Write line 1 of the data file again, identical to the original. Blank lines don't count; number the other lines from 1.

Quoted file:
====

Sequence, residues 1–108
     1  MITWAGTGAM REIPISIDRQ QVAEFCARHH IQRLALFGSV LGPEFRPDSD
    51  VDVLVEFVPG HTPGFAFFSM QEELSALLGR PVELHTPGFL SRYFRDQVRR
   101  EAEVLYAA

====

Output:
Sequence, residues 1–108